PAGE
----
Advancing Neuromuscular, Musculoskeletal, & Electrodiagnostic Medicine

Myotonic Dystrophy

What is Myotonic Dystrophy?

Myotonic dystrophy is a disorder that causes muscle wasting, trouble relaxing after movement, and weakness. Early signs are muscle weakness in the face, hands, forearms, and feet. The heart, eyes, and other organs may also be affected later on in life. Myotonic dystrophy type 1 (DM1), also called Steinert disease, has a severe form starting from birth and a milder childhood-onset form. Myotonic dystrophy type 2 (DM2) is more rare than DM1 and generally manifests with milder signs and symptoms.


Who gets Myotonic Dystrophy?

Myotonic dystrophy is a genetic disorder. One parent needs to have the defective gene for their child to have the disorder. Myotonic dystrophy can occur in patients of any age.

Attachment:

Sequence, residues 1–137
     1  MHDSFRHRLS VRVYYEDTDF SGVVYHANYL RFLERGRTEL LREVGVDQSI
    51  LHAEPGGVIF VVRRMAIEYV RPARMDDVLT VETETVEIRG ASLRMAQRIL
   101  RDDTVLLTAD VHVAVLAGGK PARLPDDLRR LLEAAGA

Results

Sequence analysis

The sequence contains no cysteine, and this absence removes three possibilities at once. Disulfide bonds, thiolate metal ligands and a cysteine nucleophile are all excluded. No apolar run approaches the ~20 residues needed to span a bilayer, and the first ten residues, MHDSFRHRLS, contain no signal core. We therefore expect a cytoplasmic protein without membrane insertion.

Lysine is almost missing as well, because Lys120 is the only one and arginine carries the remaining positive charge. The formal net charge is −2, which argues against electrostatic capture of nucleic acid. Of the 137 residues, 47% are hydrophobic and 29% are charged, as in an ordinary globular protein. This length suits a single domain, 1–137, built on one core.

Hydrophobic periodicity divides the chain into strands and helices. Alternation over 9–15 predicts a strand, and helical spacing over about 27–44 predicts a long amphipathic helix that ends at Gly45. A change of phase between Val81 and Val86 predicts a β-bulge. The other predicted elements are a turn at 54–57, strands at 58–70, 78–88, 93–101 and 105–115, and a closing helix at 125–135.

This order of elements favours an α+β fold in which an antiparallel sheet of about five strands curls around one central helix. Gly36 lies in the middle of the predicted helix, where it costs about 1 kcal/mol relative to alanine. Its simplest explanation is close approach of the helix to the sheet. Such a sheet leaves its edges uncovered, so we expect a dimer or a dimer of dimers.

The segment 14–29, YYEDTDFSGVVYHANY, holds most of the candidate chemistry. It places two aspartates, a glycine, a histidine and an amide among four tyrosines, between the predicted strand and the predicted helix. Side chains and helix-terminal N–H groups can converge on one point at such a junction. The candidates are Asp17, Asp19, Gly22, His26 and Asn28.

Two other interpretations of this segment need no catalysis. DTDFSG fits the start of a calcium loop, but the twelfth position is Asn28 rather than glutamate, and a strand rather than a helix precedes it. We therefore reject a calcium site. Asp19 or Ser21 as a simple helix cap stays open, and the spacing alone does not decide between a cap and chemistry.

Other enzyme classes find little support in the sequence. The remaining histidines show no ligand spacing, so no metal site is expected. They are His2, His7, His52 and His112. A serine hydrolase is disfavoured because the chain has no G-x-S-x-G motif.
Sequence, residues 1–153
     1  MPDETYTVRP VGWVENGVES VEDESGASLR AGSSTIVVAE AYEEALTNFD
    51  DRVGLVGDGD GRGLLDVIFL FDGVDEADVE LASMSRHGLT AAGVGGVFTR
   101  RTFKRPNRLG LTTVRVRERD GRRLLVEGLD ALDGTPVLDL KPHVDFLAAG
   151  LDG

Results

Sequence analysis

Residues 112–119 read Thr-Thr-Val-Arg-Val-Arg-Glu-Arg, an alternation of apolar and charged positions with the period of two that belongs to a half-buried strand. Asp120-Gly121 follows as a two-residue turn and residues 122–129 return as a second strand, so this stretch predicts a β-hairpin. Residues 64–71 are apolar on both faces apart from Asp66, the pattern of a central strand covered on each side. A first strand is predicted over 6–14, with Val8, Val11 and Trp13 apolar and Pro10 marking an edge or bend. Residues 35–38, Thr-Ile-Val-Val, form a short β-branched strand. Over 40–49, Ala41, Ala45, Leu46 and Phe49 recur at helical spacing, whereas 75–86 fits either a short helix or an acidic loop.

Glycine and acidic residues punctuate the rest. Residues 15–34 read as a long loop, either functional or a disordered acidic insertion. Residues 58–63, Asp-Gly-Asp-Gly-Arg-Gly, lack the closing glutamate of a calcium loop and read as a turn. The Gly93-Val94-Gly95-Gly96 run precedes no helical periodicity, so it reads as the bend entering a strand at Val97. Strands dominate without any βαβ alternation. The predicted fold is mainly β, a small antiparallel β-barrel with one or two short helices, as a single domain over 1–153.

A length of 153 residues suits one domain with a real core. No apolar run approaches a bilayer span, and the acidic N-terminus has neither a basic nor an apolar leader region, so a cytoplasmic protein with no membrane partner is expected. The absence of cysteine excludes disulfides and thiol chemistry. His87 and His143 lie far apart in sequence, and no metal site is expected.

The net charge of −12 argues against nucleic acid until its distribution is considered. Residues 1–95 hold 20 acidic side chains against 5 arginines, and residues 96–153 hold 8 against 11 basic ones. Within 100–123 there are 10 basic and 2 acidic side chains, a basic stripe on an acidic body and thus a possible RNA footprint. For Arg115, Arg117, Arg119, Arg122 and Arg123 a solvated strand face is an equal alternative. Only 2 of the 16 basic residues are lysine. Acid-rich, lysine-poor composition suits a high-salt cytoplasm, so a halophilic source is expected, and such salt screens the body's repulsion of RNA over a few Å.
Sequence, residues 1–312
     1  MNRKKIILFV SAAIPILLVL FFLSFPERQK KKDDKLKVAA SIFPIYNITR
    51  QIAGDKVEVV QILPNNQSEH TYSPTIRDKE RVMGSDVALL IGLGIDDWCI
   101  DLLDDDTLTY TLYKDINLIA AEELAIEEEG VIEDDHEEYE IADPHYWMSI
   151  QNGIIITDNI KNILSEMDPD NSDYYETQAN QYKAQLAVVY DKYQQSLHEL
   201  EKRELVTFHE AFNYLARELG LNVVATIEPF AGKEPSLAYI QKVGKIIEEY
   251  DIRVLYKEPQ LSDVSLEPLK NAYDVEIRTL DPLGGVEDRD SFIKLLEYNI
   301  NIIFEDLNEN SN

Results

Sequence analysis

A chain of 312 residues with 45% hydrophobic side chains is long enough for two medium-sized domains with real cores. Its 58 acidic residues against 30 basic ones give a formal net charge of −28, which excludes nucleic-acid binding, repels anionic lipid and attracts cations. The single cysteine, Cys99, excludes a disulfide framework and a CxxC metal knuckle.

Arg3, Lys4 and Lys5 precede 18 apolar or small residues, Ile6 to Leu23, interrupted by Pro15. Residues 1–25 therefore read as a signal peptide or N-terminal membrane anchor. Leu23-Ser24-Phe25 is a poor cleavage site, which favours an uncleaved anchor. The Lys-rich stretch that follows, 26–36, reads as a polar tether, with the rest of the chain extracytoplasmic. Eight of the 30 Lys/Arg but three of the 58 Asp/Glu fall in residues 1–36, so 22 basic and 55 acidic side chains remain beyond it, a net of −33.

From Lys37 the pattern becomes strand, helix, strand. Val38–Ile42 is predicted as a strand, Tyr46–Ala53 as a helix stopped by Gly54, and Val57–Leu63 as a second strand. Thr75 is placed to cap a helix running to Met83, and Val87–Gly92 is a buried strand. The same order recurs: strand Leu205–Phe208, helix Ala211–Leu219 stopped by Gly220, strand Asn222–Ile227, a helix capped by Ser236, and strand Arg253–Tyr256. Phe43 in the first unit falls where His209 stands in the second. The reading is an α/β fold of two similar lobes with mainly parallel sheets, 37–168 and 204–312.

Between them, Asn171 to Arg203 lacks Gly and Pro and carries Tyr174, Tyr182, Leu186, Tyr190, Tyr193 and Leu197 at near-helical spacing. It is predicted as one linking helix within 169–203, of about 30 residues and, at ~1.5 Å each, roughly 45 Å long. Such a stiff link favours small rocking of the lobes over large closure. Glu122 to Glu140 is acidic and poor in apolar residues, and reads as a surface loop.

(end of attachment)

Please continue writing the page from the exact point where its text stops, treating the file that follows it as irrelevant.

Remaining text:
How is Myotonic Dystrophy diagnosed?

After taking the patient's history, a physician may perform an EMG, a muscle biopsy, and a series of blood tests that may include DNA testing.


How is Myotonic Dystrophy treated?

There is no cure for myotonic dystrophy, but some of the symptoms may be treated through medication. Physical therapy, occupational therapy and braces can be used to help with weakened muscles.


More information on Myotonic Dystrophy

Muscular Dystrophy Association
International Myotonic Dystrophy Association
Myotonic Dystrophy Support Group